Govt signs $1.1 million contract for new chiller system at PMH

Govt signs $1.1 million contract for new chiller system at PMH
Health Minister, Dr. Duane Sands.

Contract also signed for roof repairs

NASSAU, BAHAMAS – The Ministry of Health on Monday signed a $1.1 million contract with Caribbean International Air Conditioning Services Limited, to install a new air chiller system at the Critical Care Block of the Princess Margaret Hospital (PMH).

“This upgrade will alleviate cooling issues in the past in the hospital’s critical care block and surrounding areas, capping an intensive series of remedial initiatives undertaken by the Princess Margaret Hospital to repair and to restore our air conditioning system,” said Minister of Health Dr. Duane Sands at a press conference held yesterday to announce the signing of two contracts.

Sands lamented yesterday that the government found itself tasked with replacing chiller systems in the Critical Care Unit of PMH, just short of five years after new systems had been installed.

The new chiller systems were installed back in 2014 as a part of the $100 million-dollar investment into the Critical Care Unit of the hospital under the former Christie administration.

The move was dubbed as one of the largest investments in the history of Bahamian healthcare. However, just two years later, workers found themselves experiencing issues with the systems.

Yesterday, Dr. Sands said that the ministry did not expect to take this issue on so soon after installation.

“Anybody looking at an air conditioning system, a brand-new system, would expect that you would get more than five years out of it,” Sands said. “Even if you use that as a rough rule of thumb, we did not get all of the time that we ought to have gotten.

“You know the critical care block was only commissioned in 2014. So, to imagine that we would be having such major expensive repairs to be done.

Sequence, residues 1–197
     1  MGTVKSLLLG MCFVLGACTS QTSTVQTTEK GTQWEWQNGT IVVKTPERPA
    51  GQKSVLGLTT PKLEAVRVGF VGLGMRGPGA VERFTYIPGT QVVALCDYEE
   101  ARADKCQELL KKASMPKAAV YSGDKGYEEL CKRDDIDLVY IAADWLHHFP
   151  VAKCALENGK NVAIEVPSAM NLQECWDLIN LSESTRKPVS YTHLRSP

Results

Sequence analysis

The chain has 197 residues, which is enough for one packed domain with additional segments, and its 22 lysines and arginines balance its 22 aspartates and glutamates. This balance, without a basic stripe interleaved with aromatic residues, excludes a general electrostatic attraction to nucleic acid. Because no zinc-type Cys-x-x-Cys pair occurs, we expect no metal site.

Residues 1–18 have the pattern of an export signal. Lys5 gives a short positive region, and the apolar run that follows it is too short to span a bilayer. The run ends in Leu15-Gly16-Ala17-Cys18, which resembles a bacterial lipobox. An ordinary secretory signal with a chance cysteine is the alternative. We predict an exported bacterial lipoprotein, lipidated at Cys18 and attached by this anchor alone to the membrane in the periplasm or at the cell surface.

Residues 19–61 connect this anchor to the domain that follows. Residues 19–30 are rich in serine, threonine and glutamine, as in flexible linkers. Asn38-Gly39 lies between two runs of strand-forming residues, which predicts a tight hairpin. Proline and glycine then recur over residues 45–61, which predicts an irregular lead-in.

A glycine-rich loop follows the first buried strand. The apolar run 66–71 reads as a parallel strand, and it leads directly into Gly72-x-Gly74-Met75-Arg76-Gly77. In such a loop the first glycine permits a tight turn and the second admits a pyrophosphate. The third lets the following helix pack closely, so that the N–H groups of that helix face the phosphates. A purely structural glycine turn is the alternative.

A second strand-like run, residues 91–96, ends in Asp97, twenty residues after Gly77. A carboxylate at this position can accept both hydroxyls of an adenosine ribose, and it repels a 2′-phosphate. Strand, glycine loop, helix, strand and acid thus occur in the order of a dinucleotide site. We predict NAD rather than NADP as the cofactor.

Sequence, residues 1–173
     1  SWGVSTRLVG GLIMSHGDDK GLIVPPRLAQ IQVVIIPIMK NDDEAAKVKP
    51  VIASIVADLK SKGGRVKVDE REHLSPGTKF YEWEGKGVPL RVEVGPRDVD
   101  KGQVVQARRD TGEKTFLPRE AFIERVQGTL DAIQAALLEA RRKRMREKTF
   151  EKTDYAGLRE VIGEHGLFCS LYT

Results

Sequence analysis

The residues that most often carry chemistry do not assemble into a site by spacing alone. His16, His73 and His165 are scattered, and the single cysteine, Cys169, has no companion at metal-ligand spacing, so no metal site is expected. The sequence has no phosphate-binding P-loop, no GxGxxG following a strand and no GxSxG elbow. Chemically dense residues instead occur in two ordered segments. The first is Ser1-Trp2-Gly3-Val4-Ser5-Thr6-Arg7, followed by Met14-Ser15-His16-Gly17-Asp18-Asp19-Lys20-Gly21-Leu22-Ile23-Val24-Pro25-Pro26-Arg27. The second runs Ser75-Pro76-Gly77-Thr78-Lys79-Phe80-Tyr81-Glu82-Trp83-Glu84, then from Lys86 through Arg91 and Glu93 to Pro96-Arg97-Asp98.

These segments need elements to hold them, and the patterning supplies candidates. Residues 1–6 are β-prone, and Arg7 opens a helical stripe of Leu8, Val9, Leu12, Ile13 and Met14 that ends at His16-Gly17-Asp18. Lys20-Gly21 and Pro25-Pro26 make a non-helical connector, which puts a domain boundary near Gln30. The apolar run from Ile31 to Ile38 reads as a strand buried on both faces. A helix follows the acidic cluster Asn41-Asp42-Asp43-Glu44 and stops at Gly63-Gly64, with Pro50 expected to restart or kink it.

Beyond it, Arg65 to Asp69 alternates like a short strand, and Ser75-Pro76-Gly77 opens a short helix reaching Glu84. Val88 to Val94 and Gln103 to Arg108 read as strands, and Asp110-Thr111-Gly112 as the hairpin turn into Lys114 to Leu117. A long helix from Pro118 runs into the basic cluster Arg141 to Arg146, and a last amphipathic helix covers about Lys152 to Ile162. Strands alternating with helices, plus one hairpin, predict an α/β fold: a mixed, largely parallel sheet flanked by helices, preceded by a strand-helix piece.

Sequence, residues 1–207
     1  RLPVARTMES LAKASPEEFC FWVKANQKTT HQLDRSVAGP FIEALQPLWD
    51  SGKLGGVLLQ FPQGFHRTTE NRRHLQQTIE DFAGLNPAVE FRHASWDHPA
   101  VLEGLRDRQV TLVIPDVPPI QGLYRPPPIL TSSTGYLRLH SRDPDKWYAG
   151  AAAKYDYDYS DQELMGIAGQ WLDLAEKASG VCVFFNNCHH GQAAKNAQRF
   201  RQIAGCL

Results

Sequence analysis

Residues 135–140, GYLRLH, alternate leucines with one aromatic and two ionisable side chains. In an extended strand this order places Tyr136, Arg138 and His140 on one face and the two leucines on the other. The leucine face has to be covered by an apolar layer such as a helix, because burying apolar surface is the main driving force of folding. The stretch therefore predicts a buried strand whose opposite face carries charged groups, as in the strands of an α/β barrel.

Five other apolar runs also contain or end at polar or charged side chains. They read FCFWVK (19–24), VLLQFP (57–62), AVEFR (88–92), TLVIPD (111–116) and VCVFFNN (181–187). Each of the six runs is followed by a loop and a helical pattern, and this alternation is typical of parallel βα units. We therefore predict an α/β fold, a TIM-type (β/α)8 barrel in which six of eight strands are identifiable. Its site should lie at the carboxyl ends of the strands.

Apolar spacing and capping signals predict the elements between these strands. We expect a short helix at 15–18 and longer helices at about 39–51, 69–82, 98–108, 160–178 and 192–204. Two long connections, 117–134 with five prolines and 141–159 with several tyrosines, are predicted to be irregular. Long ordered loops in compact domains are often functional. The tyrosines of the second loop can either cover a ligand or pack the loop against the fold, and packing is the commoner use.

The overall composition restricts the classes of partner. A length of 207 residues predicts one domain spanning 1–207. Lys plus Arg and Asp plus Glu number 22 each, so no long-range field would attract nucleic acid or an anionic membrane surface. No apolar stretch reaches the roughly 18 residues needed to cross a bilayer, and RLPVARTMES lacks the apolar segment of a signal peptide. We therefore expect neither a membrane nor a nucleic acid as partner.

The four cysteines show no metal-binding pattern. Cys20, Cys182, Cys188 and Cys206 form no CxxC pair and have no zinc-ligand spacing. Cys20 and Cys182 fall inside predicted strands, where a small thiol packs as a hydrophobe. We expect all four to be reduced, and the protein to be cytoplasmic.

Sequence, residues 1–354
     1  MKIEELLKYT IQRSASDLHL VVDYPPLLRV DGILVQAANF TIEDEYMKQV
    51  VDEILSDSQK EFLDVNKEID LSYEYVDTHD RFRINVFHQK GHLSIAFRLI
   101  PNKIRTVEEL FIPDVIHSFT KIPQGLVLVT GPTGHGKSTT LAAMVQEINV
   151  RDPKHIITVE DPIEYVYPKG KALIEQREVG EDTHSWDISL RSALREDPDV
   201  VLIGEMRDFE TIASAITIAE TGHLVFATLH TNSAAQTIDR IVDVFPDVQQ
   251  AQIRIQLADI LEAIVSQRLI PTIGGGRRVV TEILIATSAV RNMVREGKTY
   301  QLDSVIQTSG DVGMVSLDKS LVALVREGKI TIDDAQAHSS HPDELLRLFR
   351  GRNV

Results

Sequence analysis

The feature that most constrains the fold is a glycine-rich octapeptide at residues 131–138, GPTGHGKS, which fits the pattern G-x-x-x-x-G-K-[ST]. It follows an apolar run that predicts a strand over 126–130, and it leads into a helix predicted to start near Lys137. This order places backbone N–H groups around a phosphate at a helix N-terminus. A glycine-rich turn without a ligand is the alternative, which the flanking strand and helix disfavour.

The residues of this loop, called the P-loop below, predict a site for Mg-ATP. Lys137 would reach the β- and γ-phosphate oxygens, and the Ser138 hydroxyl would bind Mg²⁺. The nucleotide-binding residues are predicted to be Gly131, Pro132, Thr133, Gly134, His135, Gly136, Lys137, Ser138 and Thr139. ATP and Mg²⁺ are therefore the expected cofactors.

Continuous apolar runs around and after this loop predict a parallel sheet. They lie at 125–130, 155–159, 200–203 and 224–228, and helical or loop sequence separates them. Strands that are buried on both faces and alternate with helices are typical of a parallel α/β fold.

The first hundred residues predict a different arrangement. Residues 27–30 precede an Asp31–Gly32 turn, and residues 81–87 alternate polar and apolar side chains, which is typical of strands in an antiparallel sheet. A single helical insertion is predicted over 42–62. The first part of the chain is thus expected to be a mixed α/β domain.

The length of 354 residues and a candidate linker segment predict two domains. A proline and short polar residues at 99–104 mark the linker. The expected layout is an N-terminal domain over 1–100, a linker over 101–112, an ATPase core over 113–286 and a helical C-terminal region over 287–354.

“…I mean this problem started in 2017 [and] it was a shock, but it speaks to a challenge of maintenance that we hope that moving forward we are going to be beyond that.”

In 2017, some elective surgeries had to be postponed due to a malfunctioning chiller system.

Also, in 2018, medical professionals walked out of the hospital in protest, listing the malfunctioning air conditioning system as one of their serious concerns.

When asked why the ministry took so long to rectify the issue, Dr. Sands said yesterday that they were advised by technical persons to repair the already installed systems rather than replace them.

Meanwhile, the Progressive Liberal Party’s shadow minister of health, Senator Dr. Michael Darville,  told Eyewitness News in a telephone interview yesterday that the chiller systems at PMH began malfunctioning before the former government came to office in 2012.

Darville alleged that upon completion and opening of the critical care block, they realized that there were challenges that were already in existence as a result of work allegedly carried out by contractors that were hired by the former Ingraham administration.

“At that particular time, the Progressive Liberal Party had to purchase a chiller system in 2017,” he said.  “It is my understanding that as we speak, the only chiller system working at the critical care block is the one purchased by the Progressive Liberal Party. The process was already in place, but the complete installation took place under this administration.”

The complete installation of the new chiller system is expected to take place over the next five months. In the interim, the ministry has rented systems to take on some of the load.

A contract totaling a little over $632,576 was also signed yesterday with Ringo and Sons Construction and General Maintenance to begin the second phase of roof repairs at PMH.